Tunisia’s budget deficit is likely to widen to at least 6% of GDP next year and the government aims to prevent it widening further to protect its investment grade credit rating, Reuters reported quoting the country’s finance minister as saying on Thursday.
“This year we are going to end up with a budget deficit of 4% (of GDP), next year we will be very lucky if we end up with 6%,” Jalloul Ayed told a conference.
“We don’t want the budget deficit to increase to 8-9-10% because if that were to be the case, Tunisia could lose its investment grade, we don’t want that.”
Tunisia has the lowest investment grade rating and is on negative outlook with all three major ratings agencies.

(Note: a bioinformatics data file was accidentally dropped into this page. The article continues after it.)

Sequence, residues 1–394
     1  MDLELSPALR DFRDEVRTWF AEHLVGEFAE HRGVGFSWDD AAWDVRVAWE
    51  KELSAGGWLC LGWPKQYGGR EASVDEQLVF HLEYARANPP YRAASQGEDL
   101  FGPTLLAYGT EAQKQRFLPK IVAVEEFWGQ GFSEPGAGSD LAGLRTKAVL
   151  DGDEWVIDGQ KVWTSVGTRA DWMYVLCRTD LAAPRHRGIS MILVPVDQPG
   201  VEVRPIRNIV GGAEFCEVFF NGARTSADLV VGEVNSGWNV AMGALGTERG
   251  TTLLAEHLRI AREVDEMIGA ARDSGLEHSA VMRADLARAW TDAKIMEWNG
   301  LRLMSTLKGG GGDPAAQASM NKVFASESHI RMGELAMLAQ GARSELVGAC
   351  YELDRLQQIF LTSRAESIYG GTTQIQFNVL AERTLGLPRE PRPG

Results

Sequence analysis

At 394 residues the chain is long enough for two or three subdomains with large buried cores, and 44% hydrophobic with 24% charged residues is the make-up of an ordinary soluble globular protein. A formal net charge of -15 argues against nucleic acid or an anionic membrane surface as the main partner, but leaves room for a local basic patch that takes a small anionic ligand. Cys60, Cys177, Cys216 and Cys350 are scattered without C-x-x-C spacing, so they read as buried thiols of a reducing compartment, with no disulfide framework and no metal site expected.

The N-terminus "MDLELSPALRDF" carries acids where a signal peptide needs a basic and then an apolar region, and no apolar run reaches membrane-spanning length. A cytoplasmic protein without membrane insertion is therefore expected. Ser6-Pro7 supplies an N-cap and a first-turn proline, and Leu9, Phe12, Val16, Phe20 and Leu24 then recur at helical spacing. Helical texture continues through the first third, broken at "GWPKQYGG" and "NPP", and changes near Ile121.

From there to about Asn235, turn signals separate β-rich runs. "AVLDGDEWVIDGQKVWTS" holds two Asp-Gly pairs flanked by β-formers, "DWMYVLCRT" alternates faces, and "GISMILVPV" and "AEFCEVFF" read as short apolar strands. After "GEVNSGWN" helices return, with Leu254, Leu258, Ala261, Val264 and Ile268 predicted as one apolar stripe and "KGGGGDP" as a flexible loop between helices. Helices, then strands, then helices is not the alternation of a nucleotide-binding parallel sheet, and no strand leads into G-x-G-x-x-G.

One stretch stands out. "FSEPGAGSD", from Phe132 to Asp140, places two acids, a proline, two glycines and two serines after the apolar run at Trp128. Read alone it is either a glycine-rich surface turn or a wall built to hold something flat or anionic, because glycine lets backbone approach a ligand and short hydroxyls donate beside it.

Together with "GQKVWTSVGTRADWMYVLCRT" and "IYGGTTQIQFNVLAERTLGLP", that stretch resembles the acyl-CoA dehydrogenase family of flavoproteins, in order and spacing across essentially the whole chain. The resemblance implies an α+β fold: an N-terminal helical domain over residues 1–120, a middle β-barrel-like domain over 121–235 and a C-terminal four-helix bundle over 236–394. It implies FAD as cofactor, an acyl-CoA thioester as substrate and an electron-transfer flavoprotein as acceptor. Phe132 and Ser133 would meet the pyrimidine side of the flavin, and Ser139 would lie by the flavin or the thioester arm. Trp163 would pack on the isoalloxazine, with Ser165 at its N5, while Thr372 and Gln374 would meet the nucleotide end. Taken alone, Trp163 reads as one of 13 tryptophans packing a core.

Moderate Islamist party Ennahdha in October won Tunisia’s first election since its revolution in January and is leading a coalition government.
The party’s leaders have promised to pursue liberal, business-friendly economic policies. Tunisia’s economy grew by 1.5 percent in the third quarter but overall growth in 2011 will be close to zero, central bank governor Mustapha Kamel Nabli said last month.
Tunisia’s draft budget, presented to the cabinet in November, forecasts the economy to bounce back from this year’s slump and grow 4.5% in 2012. The North African country’s GDP grew 3.7% in 2010.